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In June the Anti-Defamation League reported that anti-Semitic incidents on college campuses nearly doubled in 2015, accounting for 10 percent of the total anti-Semitic incidents in the United States. Some local leaders believe this increase is fueled by criticism of Israel and activism from the Boycott, Divestment, and Sanctions (BDS) movement. They claim this is a quieter — but no less dangerous — form of anti-Semitism, and that it’s most prevalent in schools and on college campuses.

“It’s subtle comments being said to students on campus. It’s almost become more acceptable,” says Lila Cohen, regional director of AJC, the international Jewish advocacy organization. “People are saying, ‘You’re a Jew, so you are directly responsible for what is happening in Israel, so I’m going to take out all of my aggression on you.’”

Rob Jacobs, StandWithUs’s regional director for the Northwest, agrees that this sentiment has become commonplace. “To blame all Jews for the alleged issues in Israel is pure anti-Semitism. We’ve seen more and more of that in the last few years,” he says. “The thing we don’t realize is that these small changes can add up, unless we speak out and say that it’s wrong.”

Noah Genatossio, president of Washington Students for Israel at UW, says some campus groups exclude students who support Israel, and Students United for Palestinian Equal Rights (SUPER) has a policy of no dialogue with detracting groups.  “They believe this in some way empowers the oppressor,” Genatossio says. “That kind of cuts off any space for conversation or mutual understanding, unfortunately.” (BDS advocates at UW did not comment.)

Some students feel alienated on campus due to claims of “intersectionality,” the alliance of identities on issues of discrimination and disadvantage. “SUPER has been able to shut the pro-Israel community out of any progressive causes on campus. Not only do advocates for Israel feel uncomfortable, but any Jewish student who feels a connection to Israel feels uncomfortable,” Genatossio says. “It’s more anti-Israel than anti-Semitic. But to say there’s no overlap, I believe, would be a gross understatement.”

Could this tension be starting in high schools? Jacobs says he fields call from parents concerned about presentations and lessons. Bellevue residents Tzachi and Dr. Lara Litov pulled their 16-year-old son out of The Northwest School in part over what they viewed as a curriculum that created an “unconscious” anti-Semitic culture. “There was a lot of anti-Israel sentiment when I was there,” says the Litovs’ eldest son, Noah, who graduated from there two years ago. The Litovs felt that a unit called “The Middle East,” which in 2015 contained a subunit with a lecture called “Israel/Palestine: the Occupation,” presented biased information. Videos that referred to the Israeli government as oppressors and the Israeli government’s “institutional discrimination against non-Jews” made their son uncomfortable.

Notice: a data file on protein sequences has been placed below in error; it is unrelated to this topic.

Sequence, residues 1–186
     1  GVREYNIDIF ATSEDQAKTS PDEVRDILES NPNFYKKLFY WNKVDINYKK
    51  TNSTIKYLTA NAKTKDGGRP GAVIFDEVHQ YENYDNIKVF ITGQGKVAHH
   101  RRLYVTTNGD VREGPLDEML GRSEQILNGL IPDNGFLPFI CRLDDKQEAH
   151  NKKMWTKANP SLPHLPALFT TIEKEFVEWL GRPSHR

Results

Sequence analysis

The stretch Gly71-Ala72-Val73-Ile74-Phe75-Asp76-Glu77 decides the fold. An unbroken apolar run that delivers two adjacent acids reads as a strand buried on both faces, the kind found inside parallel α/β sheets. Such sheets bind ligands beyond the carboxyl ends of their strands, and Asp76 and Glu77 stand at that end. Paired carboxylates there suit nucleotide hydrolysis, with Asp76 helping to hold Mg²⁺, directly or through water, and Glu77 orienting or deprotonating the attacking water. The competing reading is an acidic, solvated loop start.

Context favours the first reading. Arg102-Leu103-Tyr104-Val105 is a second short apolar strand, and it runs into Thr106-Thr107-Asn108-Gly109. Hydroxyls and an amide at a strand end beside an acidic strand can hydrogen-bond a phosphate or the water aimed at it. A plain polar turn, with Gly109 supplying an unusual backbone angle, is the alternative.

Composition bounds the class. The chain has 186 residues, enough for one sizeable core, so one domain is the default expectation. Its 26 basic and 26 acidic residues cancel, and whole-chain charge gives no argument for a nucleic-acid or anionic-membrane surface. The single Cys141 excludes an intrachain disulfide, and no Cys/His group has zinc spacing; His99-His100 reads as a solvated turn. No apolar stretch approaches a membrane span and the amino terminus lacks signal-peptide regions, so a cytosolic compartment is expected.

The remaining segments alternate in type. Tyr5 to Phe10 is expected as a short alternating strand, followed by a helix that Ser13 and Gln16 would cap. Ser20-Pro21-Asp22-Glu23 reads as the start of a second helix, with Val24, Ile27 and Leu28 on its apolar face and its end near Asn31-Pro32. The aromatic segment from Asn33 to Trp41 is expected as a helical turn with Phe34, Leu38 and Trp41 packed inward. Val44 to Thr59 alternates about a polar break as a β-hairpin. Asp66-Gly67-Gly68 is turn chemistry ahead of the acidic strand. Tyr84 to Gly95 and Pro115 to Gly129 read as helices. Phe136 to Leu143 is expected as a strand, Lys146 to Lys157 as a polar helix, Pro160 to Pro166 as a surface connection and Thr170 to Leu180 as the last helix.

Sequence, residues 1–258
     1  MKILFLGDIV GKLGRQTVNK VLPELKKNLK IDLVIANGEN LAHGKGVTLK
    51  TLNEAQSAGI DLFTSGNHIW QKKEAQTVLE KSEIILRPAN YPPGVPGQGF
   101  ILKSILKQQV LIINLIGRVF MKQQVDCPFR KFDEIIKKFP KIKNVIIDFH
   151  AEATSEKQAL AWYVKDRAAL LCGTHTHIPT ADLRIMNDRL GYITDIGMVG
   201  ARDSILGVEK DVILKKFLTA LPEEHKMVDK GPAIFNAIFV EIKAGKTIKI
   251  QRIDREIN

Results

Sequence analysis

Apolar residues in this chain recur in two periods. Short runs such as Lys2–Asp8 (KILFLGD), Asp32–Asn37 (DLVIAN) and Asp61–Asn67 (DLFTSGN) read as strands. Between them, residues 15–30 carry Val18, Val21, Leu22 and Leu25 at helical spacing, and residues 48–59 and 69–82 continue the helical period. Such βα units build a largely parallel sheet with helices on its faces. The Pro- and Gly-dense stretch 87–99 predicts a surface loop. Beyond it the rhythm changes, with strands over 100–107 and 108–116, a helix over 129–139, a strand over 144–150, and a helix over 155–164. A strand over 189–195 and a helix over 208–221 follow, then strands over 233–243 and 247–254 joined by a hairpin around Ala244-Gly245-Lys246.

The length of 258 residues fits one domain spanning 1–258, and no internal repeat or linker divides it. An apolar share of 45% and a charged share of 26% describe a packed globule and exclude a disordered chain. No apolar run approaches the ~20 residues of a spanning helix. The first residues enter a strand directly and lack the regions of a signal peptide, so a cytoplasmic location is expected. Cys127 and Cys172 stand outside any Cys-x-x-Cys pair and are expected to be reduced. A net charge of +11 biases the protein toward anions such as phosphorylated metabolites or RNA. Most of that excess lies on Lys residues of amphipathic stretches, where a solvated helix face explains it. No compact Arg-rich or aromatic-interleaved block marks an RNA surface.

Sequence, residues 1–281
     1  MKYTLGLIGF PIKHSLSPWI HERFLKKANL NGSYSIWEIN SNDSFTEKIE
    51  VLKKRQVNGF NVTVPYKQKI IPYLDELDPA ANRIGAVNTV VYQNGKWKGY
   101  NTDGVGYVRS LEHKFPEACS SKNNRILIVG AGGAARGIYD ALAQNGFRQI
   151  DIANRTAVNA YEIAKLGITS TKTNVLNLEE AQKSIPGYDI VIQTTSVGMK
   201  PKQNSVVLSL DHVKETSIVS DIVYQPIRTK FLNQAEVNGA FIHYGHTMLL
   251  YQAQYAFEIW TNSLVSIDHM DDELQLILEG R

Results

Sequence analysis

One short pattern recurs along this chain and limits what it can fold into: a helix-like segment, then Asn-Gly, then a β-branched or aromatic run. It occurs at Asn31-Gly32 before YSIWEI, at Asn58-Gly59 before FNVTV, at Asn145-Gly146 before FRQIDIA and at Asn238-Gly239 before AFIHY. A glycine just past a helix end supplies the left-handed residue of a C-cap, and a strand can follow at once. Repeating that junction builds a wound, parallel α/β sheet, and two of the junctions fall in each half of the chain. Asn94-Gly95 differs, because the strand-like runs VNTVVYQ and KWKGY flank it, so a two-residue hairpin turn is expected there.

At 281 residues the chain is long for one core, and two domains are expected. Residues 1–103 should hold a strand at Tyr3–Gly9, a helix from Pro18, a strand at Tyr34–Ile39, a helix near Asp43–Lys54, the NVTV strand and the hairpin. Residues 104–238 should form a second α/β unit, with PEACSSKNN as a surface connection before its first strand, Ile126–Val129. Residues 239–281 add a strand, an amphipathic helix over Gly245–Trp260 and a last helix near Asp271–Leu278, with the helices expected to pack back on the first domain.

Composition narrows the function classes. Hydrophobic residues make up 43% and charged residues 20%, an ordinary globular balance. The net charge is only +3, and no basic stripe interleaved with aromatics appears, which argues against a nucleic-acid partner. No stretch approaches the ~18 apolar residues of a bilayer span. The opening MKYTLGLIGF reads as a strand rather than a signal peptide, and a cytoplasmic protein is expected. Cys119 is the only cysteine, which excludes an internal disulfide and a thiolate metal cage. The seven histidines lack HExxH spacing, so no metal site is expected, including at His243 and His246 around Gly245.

However, Daniel Sparler and Sarah Porter, who teach the unit, believe that questioning is essential for The Northwest School and speaks to its principle of “supporting the dignity of the individual human being.” The Humanities Program founder, the late Paul Raymond, who was Jewish, thought students should be uncomfortable. “He would say, ‘My job is to make you uncomfortable, so you will get out of your comfort zone and think about these things in a new way,’” Sparler says.

Sparler and Porter say that those videos are only one side of the curriculum, and other elements show Israel as a positive role model in the region. The school adamantly opposes anti-Semitism, they add, and the administration notes that it does a two-week series on the Holocaust along with art projects that have been featured at the Holocaust Center for Humanity. The classroom debate is a beginning, Porter says. “From there, students should go out and explore more and engage in the conversation, which is very much in the news and press.”

Some Jewish leaders agree. “I’m more interested in opening up conversation where it’s usually shut down,” says Rabbi David Basior of Seattle’s Kadima Reconstructionist Community, a progressive synagogue that “supports movements to end the Israeli occupation,” according to its mission. “We need to put a critical lens on it, so we don’t set our kids up to be uncomfortable when first faced with it at 21 or 22.” Basior believes Jewish students need to be supported in this process.

The freedom to question is one of the great things about being Jewish in the United States, says Jacobs, but there’s a balance. “We’ve had situations where Jewish students’ friends or acquaintances will say to them, ‘The Nazis did horrible things to the Jews, so why is it that you people are doing the same thing to the Palestinians?’ It’s putting a Jewish kid in a position — without knowing more — to disavow or agree with the others whether Israel’s a bad place.”

5 Tips for Handling Anti-Semitism on Campus

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1. Separate legitimate criticism from delegitimization: Debating policies is different from denying the self-determination of the Jewish state and the Jewish people.

2. Separate ignorance from bigotry: Identify whether someone is missing the facts versus expressing antipathy toward the country at large or the entire Jewish people.

3. Reach out: Connect with parents, counselors, and Jewish communal institutions for resources and help.

4. Enlist allies: Work with people who want to counter bias and intolerance inside and outside of school.

5. Document everything: Keep emails and social media posts and take notes in the event you need to present your case to school leadership.

— Nevet Basker, executive director of the Kadima Fund


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